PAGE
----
When you trade forex, you mostly encounter the word volatility. What does it mean: Volatility in trading refers to how quickly the price can change in the market? Oftentimes, volatility is associated with risks in trading. When an asset is more volatile, it is also prone to more risks.
Volatility is probably the most misunderstood term in the trading industry. If professional traders don’t really mind volatility, small-time traders or retail traders don’t really know the extent of volatility and how it affects every trade you make. Unfortunately, without volatility, there will be no price movements in the market. If there are no price movements, traders will have a hard time catching up with profitable trades or even making profits.
To say it simply, volatility is the price change over a particular period of time. The more changes in the price get recorded, the more volatile the financial asset can become. Those highly volatile assets most likely move erratically which can cause impressive increases and also dramatic falls too. For less volatile assets, they are the ones who have little to no movements. It is wise to combine volatile assets and non-volatile assets to diversify the risks in your trading platform.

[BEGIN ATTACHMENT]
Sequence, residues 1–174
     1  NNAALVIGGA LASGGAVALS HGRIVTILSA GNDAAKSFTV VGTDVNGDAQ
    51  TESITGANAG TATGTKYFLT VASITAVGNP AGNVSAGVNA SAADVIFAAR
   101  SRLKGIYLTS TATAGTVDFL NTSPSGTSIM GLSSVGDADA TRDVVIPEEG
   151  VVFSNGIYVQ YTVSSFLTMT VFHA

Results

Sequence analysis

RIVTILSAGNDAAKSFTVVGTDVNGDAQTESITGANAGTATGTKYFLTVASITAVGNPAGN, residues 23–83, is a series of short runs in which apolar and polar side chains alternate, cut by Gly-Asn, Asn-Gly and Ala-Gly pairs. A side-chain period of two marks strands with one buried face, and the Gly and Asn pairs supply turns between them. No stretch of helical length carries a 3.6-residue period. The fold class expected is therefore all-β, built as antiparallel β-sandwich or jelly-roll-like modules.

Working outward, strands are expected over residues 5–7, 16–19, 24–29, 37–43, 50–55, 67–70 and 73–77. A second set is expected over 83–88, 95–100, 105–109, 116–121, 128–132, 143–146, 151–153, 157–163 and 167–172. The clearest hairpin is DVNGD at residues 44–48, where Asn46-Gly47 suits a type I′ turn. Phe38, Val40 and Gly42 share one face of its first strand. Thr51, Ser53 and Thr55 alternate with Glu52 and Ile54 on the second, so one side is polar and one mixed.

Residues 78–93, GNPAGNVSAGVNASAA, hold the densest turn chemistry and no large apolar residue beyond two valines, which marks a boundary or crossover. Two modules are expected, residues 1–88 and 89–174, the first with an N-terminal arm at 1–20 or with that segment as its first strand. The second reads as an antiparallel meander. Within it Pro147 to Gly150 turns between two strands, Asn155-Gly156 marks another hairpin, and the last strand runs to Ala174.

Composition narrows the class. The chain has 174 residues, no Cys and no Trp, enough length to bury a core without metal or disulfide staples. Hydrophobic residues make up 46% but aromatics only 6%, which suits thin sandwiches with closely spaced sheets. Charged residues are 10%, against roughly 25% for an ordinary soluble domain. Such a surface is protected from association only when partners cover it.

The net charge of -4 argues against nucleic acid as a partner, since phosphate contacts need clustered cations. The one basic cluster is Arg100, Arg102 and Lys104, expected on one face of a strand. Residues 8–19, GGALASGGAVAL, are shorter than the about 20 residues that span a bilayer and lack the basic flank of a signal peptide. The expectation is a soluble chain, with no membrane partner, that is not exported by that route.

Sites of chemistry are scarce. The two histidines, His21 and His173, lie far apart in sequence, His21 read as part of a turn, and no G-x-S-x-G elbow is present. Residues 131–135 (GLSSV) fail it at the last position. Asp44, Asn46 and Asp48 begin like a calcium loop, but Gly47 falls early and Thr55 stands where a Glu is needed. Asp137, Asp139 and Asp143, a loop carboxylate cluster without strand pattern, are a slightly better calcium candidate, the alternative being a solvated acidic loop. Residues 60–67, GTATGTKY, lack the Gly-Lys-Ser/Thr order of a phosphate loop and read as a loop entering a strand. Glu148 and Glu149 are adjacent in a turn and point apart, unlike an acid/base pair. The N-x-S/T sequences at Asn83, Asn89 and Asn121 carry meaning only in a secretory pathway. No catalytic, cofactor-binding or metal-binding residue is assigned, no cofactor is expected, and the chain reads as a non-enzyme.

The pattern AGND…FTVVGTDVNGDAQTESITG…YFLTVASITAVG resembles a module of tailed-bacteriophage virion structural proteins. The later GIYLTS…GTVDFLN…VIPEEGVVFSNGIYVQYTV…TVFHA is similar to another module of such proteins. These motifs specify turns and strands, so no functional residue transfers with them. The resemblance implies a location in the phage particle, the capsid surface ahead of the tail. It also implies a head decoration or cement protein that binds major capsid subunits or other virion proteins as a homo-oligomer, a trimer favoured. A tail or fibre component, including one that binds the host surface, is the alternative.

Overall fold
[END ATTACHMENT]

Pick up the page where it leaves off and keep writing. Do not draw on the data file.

What is Implied Volatility?
Implied volatility is known as the estimated volatility on the given price of a financial asset at a later time. You mostly see implied volatility when dealing with options pricing.
How to measure volatility
Volatility is mostly measured through the use of standard deviation in statistics or variance. But in Forex, traders are able to measure volatility through the use of indicators like Average True Range and Bollinger Bands.
Bollinger Bands involves two bands – the upper band and the lower band. Generally speaking, when the bands are widening, the more volatility on the underlying asset. Average True Range, on the other hand, was created by Welles Wilder. It is also a very well-known indicator that uses a smoothed moving average out of historical true range values.
The Relationship of Volatility and Risk in Trading
The concept that’s being followed in Forex trading is that the more volatile the asset, the riskier it is. But volatility can work with or against a trader and when you are dealing with a highly volatile market, you must take extra caution. Major pairs, such as the ones with USD as the base or the counter, mostly experience fluctuations compared to those currency pairs that belong to the exotic category like Mexican peso and Turkish lira. That being said, major pairs in the Forex market are less risky for traders but the profit opportunity is also quite low.
Also Read: 10 steps to building a winning trading plan
How To Trade Volatility
It is a lucrative move to trade very high volatile instruments. And because of that, traders must pay extra attention when they trade forex, opening a trading position and use a comprehensive risk management plan. It is advisable to use stop losses when trading in a highly volatile market as this will help improve your chances of gaining a considerable amount of profits while escaping from all the risks associated with Forex trading.